How a habit taught me a lesson

I admit it. I am a creature of habit.

I have my way of doing things and I tend to stick with what I know. None of my habits are harmful.  A bit odd, yes.  Harmful, no.

Just the other day, one of my habits made me think about something that is really important to me.

It was Sunday.  I was not leading a live service. Since the outbreak of COVID all of our worship is pre-recorded.  When COVID began, I would record the service during the week.  It would be broadcast on a Sunday at 10am on Zoom. I would always watch the service with the rest of the congregation every Sunday.  It was the closest we could get to normal Church.

As time has moved on, things have changed.  I still record a service, but now it is available online from Saturday evening until Tuesday.

For some reason, the habit I began of watching the service at 10am on a Sunday, I have stuck with.  Even though I can watch at any time I want to, I still press play at 10am.

This Sunday was going to be a bit of a challenge.  I had quite a few things to do. I got up earlier than normal.  I decided that I would watch the service at the early hour.

I then carried out my tasks.  By coincidence, I found that they were finished at 10am.

What was I to do?

Should I get other tasks done?


Catch up on TV?

I did none of them.

Instead, I switched on my computer at 10am and I watched the service all over again!


I thought about it afterwards.  I suppose it was, partly, out of habit.  But, it was also something I did because, one of the things I value in Church life is fellowship.  There is something incredibly special knowing that other people were doing exactly the same thing at the same time.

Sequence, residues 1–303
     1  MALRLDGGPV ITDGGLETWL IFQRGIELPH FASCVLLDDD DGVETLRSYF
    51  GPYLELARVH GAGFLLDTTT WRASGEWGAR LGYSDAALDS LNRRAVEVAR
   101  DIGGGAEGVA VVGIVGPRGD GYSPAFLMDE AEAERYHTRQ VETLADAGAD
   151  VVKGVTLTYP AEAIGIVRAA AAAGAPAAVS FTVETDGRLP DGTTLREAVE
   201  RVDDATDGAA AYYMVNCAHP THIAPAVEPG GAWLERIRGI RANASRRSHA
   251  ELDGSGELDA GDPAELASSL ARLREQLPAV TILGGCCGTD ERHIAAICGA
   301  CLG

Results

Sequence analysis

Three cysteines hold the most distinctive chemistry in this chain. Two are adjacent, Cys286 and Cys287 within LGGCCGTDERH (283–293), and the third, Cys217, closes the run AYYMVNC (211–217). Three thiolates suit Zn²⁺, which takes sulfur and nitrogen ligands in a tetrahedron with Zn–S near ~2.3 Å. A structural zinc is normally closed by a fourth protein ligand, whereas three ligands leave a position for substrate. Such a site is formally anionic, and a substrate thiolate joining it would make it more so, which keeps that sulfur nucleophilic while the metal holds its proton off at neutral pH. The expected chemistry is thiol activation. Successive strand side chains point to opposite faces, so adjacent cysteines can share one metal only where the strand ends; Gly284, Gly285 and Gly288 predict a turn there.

In watching the service at 10am, I was saying something about the value I place on fellowship. 

In many churches, fellowship has become nothing more than a cup of tea, biscuit and a chat after a service.  It is more, much more than that. 

Fellowship is about being together.  It is about our mutual support of one another.  It is about standing with one another because of the common ground we share in Christ.

Real fellowship with one another helps us to grow in our faith.  It is when we share our stories, experiences and understanding with each other, that we learn how God can and does work in peoples’ lives.   

Fellowship is something we can take for granted.  We expect others to be there for us in our hour of need.  We should ask ourselves are we there for them?  With apologies to JFK,

Ask not what your Church does for you, but what you can do for your Church

The writer of Ecclesiastes puts it much better when they say;

By yourself you’re unprotected. With a friend you can face the worst. Can you round up a third? A three-stranded rope isn’t easily snapped. (Ecclesiastes 4 vs. 12 – The Message)

I wonder. 

How are you helping to build to real fellowship in our current situation?

One thought on “How a habit taught me a lesson

  1. We also tune in at 10 am on a Sunday for the feeling 0f fellowship with others.
    For me it is important to keep in regular contact with others and share our news and feelings, whether by phone or text messages. We have a closer friendship with our neighbours also and have been able to pass our Sunday CD to them.

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